Mojitos and Mobsters


Cuba has always been on my radar but it wasn’t until last year, when I was offered a trip to Cancun, Mexico, that I was able to realise my ambition. I had little knowledge about the country outside its popular mythology but I knew exactly where I wanted to stay.

The Hotel Nacional de Cuba was popularized in the movie Godfather II as the venue for what came to be called the Havana Conference. Held in December 1946, it brought together America’s top crime bosses including “Lucky” Luciano, then in exile in Italy, and Meyer Lanksy, who was to head Cuba’s numerous casinos from the mid-1950s under the patronage of Cuban President, Fulgencio Batista.

The Nacional thus had just the sort of pop cultural juice I thirsted for. The hotel itself opened in 1930, designed by the New York architectural firm of McKim, Mead & White (also responsible for the New York Public Library). Co-founder, Stamford White, had his own literary pedigree. His 1906 murder forms the centerpiece of E.L. Doctorow’s Ragtime.

Havana was everything I was expecting and far, far more. While the people may be poor, they are overwhelmingly hospitable with a ready sense of humour. It seems as if every second Cuban is a musician; linger for more than a few minutes in a bar or café and a group will wander in unannounced and strike up a tune that would have the Buena Vista Social Club tapping their toes in appreciation.

The Nacional, however, was a mixed bag. The public areas, in dark local mahogany and imported Spanish tiles, are an intoxicating melange of Moorish and Art Deco, the design equivalent of Othello dancing a tango with Nora Charles. The guestrooms tend to the smallish and could most kindly be described as Period Shabby Chic but many have histories that almost make up for their lack of comfort.

The breakfast buffet was a constant feast of surprises. One morning, there appeared on a serving tray what appeared to be a huge slab of pre-sliced bacon that had had all the meat carefully removed and had then been boiled in one piece. For once, I went with the Europeans and chose the stale bread rolls and hard-boiled eggs.

The staff, with the exception of the housekeepers, seem under the impression they’re working in a museum. Any request, no matter how trivial, is dispatched with a sigh of detached reservation and a polite refusal. I was determined to get a tour of the hotel and eventually found a concierge who defrosted slightly under a relentless barrage of flattery and a folded $US20 note.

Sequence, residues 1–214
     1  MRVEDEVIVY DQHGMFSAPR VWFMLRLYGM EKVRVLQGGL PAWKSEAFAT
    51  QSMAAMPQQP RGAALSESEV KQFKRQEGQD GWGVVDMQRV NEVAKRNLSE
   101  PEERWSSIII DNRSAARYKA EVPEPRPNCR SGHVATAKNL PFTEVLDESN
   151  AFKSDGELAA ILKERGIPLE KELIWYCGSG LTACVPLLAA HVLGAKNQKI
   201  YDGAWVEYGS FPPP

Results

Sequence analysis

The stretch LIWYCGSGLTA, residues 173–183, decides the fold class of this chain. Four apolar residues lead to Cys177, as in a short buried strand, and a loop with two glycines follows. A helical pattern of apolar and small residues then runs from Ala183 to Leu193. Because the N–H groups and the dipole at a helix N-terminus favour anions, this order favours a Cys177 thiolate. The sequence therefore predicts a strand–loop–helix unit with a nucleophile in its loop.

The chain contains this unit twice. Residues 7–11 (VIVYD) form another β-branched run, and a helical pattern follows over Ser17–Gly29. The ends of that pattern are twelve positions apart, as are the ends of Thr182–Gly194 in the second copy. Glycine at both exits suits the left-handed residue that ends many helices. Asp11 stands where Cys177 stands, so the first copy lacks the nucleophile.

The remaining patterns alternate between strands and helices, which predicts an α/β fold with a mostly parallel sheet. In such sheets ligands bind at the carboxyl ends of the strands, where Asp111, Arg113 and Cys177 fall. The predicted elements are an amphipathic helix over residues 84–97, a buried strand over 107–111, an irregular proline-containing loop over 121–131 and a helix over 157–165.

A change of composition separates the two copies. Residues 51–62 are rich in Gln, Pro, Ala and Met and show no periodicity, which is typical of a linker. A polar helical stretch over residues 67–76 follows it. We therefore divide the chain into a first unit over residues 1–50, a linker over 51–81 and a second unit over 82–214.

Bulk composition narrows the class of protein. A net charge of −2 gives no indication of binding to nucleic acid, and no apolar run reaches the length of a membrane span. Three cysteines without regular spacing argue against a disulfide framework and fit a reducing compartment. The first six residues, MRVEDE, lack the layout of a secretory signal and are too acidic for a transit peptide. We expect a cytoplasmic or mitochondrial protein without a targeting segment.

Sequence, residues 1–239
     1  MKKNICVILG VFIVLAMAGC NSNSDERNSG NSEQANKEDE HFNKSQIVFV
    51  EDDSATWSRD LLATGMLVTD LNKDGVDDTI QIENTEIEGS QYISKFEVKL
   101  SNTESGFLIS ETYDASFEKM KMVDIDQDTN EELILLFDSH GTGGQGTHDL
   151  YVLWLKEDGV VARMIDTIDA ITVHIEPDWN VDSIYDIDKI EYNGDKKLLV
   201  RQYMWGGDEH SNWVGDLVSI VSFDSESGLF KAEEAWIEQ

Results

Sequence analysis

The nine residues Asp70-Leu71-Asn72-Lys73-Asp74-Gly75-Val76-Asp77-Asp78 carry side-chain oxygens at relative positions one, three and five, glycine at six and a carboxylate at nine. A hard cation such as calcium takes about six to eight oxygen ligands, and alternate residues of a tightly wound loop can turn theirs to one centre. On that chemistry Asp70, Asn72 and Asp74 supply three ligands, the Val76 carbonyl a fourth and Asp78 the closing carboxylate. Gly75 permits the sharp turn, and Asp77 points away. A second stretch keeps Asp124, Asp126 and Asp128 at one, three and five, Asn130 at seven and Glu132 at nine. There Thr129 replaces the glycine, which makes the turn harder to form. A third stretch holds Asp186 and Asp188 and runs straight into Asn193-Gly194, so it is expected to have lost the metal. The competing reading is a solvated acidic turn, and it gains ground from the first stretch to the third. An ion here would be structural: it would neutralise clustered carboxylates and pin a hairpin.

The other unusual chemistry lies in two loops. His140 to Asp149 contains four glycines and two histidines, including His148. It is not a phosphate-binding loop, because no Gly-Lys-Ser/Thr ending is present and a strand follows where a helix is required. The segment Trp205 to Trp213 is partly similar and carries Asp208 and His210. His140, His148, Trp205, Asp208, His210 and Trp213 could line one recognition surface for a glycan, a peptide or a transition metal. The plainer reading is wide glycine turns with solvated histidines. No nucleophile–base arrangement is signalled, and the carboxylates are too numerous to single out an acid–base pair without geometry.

It opened up a seemingly endless exploration of the second floor, where all the celebrities of the last 80 years stayed. The so-called Mafia Room is a double suite, numbers 211-13. It doesn’t appear like a hangout for a mob of wiseguys and their henchmen, where the hit on “Bugsy” Siegel was planned or the corporatisation of the drug trade was finely honed. It looks more like the place where your grandparents would stay for their golden wedding anniversary.

Celebrity guests of a more benign nature included Frank Sinatra (Room 214), Nat King Cole (218), Ava Gardner (225), Fred Astaire (228) and Tarzan actor Johnny Weissmuller (232).

Errol Flynn stayed in Room 235, two doors down from mine. If our rooms were identically sized, I figured he must have been extremely dexterous to accommodate his growing reputation. Flynn was also said to have been a drinking companion of Ernest Hemingway although it must be noted that, if you had a pulse and were in Cuba anytime between the 1920s and 1960s, there’s a pretty fair chance you’d end up drinking with Hemingway.

The Celebrity Hall of Fame in the Bay-View Bar shows that celebrities have been a little light on in the past decade, the best-known being Kevin Costner, Oliver Stone and The Backstreet Boys

The rear gardens amble down to a cliff-face overlooking the harbor. Pancho, the Nacional’s pet peacock, lives in a small shed in front of La Barraca, an outdoor restaurant promising Cuban cuisine. A living and breathing contradiction in terms (locals will readily admit that the best Cuban food is in Miami), I overheard a group of Australian tourists refer to it as La Berocca.

The centre of the hotel’s social scene is the colonnaded verandah just off the lobby. At any time of the day or night, hotel guests gather to consume fat cigars and over-priced, shamefully bad mojitos and watch the exuberant security guards chase away anybody who looks like a local.

The Hotel Nacional de Cuba, as the Cubans might say (if they spoke Spanish as badly as me), offers up buenos tiempos but it’s all a matter of interpretation.

Words and photos © David Latta

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Author: davidlatta

David Latta is an award-winning editor, journalist and photographer. His work has appeared in scores of Australian and international newspapers and magazines including The Sydney Morning Herald, The Australian, The Australian Financial Review, The Courier-Mail and Travel & Leisure. During the last two decades, he has largely concentrated on travel and tourism, editing more than a dozen B2B titles and major conference and incentive travel publications. He is the author of critically-acclaimed books on such subjects as architecture and design, Australian history, literary criticism and music. These titles include Lost Glories: A Memorial To Forgotten Australian Buildings, Sand On The Gumshoe: A Century Of Australian Crime Writing, and Australian Country Music. He is currently working on a book about the nightclub scene in 1970s Sydney as well as a sprawling thriller set in Sydney during World War II. As an arts commentator, humourist and trend-spotter, his opinions are sought across the gamat of traditional and social media.

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